Title page for ETD etd-04152004-134854


Type of Document Master's Thesis
Author Bahadir, Zeki
Author's Email Address zbahad1@lsu.edu, mdzeki@hotmail.com
URN etd-04152004-134854
Title Influence of Venous Emptying on Reactive Hyperemic Blood Flow
Degree Master of Science (M.S.)
Department Kinesiology
Advisory Committee
Advisor Name Title
Michael Welsch Committee Chair
Arnold Nelson Committee Member
Robert Wood Committee Member
Keywords
  • reactive hyperemic blood flow
  • venous outflow
  • venous emptying
  • arterial inflow
  • venous capacitance
Date of Defense 2004-04-02
Availability unrestricted
Abstract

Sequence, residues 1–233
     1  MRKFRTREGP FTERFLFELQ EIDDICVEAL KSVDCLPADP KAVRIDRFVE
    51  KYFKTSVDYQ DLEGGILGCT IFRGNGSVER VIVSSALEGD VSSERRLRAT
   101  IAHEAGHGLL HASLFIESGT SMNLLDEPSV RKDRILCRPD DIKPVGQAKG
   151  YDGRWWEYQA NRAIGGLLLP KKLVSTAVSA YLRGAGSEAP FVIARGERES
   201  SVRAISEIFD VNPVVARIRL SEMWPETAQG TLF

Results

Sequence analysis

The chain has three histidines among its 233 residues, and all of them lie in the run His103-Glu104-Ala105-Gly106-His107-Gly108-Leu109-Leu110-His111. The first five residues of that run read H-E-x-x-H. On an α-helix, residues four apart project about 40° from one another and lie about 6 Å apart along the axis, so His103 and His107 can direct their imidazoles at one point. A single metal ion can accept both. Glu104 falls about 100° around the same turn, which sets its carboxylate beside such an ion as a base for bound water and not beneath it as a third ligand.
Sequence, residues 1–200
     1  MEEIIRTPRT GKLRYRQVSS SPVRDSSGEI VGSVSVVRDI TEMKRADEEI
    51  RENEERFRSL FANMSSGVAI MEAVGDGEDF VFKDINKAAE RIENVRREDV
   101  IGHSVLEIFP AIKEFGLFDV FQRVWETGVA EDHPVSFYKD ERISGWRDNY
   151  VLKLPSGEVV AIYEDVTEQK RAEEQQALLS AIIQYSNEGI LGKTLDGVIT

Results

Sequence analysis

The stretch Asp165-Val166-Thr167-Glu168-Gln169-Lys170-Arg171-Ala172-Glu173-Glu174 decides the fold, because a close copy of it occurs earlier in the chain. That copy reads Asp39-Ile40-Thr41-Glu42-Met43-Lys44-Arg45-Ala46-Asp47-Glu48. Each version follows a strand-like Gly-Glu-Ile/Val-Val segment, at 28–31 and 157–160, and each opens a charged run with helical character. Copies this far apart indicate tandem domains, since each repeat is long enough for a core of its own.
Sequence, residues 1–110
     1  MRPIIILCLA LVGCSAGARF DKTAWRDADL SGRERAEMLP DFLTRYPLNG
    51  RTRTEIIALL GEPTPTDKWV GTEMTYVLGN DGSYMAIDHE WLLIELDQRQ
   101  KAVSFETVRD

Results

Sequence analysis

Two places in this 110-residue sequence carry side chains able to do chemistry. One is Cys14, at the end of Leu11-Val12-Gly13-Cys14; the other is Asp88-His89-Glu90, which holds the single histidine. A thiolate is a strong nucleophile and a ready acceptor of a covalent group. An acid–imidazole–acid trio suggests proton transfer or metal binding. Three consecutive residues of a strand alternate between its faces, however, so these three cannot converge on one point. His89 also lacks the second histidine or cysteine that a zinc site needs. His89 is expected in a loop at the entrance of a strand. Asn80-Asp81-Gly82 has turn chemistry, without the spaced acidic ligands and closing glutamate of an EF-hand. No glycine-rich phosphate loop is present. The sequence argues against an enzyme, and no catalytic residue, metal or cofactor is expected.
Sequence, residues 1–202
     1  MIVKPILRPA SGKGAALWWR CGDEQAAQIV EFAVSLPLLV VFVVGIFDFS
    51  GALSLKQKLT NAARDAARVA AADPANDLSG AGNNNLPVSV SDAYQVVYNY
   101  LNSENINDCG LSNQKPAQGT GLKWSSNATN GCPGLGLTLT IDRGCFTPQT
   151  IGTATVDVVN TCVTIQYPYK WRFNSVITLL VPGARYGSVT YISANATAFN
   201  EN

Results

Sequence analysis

Recent work by Tschakovsky & Hughson (Am J Physiol Heart Circ Physiol 279: H1007, 2000) indicates that venous emptying serves as a stimulus for vasodilation. This suggests the importance of recognizing the potential influence of venous volume on reactive hyperemic blood flow (RHBF) following occlusion. Purpose: To examine the influence of venous emptying on RHBF. Methods: Non-dominant forearm in-flow, venous capacitance and outflow were examined in 21 individuals [age=232.27y]. Forearm arterial inflow, venous capacitance, and outflow were obtained two times using strain gauge plethysmography. Forearm blood inflow was estimated at rest and following 5 min of upper arm occlusion. Forearm venous capacitance and outflow were obtained following 5 min of upper arm venous occlusion pressure at 7 mmHg below diastolic blood pressure. Prior to the second measure the arm was passively elevated for 2 minutes. Immediately before returning the arm to its original position the upper arm cuff was again inflated to 240mmHg. Subsequently, RHBF and venous measures were obtained. Results: Average resting in-flow was 2.841.22 ml/100ml/min. RHBF was significantly greater following venous emptying (Before: 18.153.80; After: 23.705.93 ml/100ml/min, p=0.0001). Venous capacitance was also greater (Before: 1.960.82; After: 2.940.82 %, p=0.0001), whereas venous outflow (Before: 37.0610.50; After: 39.0010.72 ml/100ml/min, p=0.17) remained unaffected after venous emptying. Summary: Venous emptying prior to upper arm occlusion results in a significant greater RHBF response and venous capacitance. A potential explanation for the observation is a decrease in the pressure gradient across the tissue bed and/or withdrawal of the venoarteriolar reflex constriction.
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